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Posted On: 27 June 2014 02:03 pm
Updated On: 12 November 2020 02:14 pm

Longer days of fasting this Ramadan

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Muslims in Qatar will fast for more than 15 hours a day during Ramadan, which coincides with the peak of summer season this year and likely to begin tomorrow or Sunday.

If the crescent is sighted this evening, people will need to fast from early next morning (3.16am on June 28) until 6.30pm — 15 hours and 14 minutes.

Not only eating but taking water and liquid of any kind and smoking are also forbidden for the devout, who is fasting.

The last time Ramadan fell around this time of the year in this region was 32 years ago — in 1982. Fasting hours are much shorter during the peak winter months when the day is shorter.

On the last day of Ramadan, fasting hours will shrink to 14 hours and 51 minutes. In view of the extreme weather, worshippers are calling for erecting temporary shades outside mosques to accommodate increasing number of people.

There are an estimated 2,500 big, medium and small mosques in Qatar, all of which have geared up for the fasting month.

Normally, a mosque is open on average for 10 hours a day at different times for the five prayers, but during Ramadan, the duration almost doubles.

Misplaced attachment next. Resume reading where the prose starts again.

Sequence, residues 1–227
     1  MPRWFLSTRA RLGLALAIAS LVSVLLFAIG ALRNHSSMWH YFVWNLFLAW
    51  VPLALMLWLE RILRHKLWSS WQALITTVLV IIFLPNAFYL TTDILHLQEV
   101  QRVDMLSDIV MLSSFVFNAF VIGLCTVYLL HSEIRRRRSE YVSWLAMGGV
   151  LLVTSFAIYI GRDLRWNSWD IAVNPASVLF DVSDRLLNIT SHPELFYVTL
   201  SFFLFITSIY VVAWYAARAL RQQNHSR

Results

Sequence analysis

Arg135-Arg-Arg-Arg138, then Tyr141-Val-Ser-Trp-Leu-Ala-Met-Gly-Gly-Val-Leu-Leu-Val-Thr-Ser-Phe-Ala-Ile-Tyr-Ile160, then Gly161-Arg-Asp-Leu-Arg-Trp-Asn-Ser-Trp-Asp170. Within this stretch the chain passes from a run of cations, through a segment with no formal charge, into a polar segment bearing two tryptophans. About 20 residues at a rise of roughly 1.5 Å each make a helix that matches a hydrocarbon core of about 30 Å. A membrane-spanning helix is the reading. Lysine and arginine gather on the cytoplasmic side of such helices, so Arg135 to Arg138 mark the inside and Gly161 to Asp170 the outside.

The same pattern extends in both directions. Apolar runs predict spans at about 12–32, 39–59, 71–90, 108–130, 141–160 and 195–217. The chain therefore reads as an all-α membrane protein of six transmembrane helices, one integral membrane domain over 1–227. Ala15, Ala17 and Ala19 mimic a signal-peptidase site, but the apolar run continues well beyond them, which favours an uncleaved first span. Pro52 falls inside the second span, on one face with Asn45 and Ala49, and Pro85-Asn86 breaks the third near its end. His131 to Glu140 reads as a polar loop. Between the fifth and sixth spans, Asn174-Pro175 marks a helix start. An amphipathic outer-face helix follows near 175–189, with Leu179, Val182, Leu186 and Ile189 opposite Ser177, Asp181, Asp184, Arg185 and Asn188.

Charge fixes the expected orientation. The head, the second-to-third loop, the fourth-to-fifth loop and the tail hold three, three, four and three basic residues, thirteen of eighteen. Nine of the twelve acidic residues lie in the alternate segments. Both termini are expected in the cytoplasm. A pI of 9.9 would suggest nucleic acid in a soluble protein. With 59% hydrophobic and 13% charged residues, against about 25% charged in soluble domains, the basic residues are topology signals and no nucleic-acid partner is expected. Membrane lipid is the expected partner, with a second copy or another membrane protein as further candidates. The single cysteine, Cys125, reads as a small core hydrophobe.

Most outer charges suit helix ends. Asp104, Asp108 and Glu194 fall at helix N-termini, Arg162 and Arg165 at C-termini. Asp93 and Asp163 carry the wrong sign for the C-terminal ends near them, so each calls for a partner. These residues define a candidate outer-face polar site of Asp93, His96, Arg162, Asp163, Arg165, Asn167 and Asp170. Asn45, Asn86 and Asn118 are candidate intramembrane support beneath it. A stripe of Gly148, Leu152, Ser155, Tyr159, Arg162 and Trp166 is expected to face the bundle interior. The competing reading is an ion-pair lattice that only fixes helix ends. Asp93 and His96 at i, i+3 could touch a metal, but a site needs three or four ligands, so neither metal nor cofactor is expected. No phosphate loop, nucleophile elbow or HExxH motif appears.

A mosque normally closes after the late evening prayer of ‘Isha’ but during the first three weeks of Ramadan, the late night prayers (Taraweeh) are held at most mosques.

From the 20th of Ramadan onwards, according to imams, mosques are open most of the time of the day and close only for a few hours after the early-morning prayer.

As a result, electricity and water consumption goes up massively in a mosque during the holy month.

Ramadan, according to an imam, is also the busiest month for them as it entails them to lead the additional ‘Taraweeh’ prayers, aside from occasionally delivering religious lectures during late afternoon (Asr) and late evening (Isha) prayers.

According to sources, the Ministry of Awqaf and Islamic Affairs has this year not issued any circular to imams ahead of Ramadan. Sometimes the ministry does, as it directs them to give lectures on topical subjects mostly related to social problems.

“We keep getting ministry circulars on what kind of subjects to focus on during Friday sermons and lectures during Ramadan,” said a source.

Topics vary from creating awareness about drug abuse, smoking and terrorism.

“We are asked to urge people to respect others’ faith and rights,” said the source. “Keeping a family united is also one of the main themes of our lectures.”

As an increasing number of Muslims frequent mosques during Ramadan, an imam’s interaction with them increases.

“More people come to us with their problems, looking for answers in the light of Islamic laws,” said an imam. “People mainly seek religious opinion about divorce, employers owing them money and bank loans,” the imam said.

This is also the month when Muslims give away zakat for the benefit of poorer Muslims.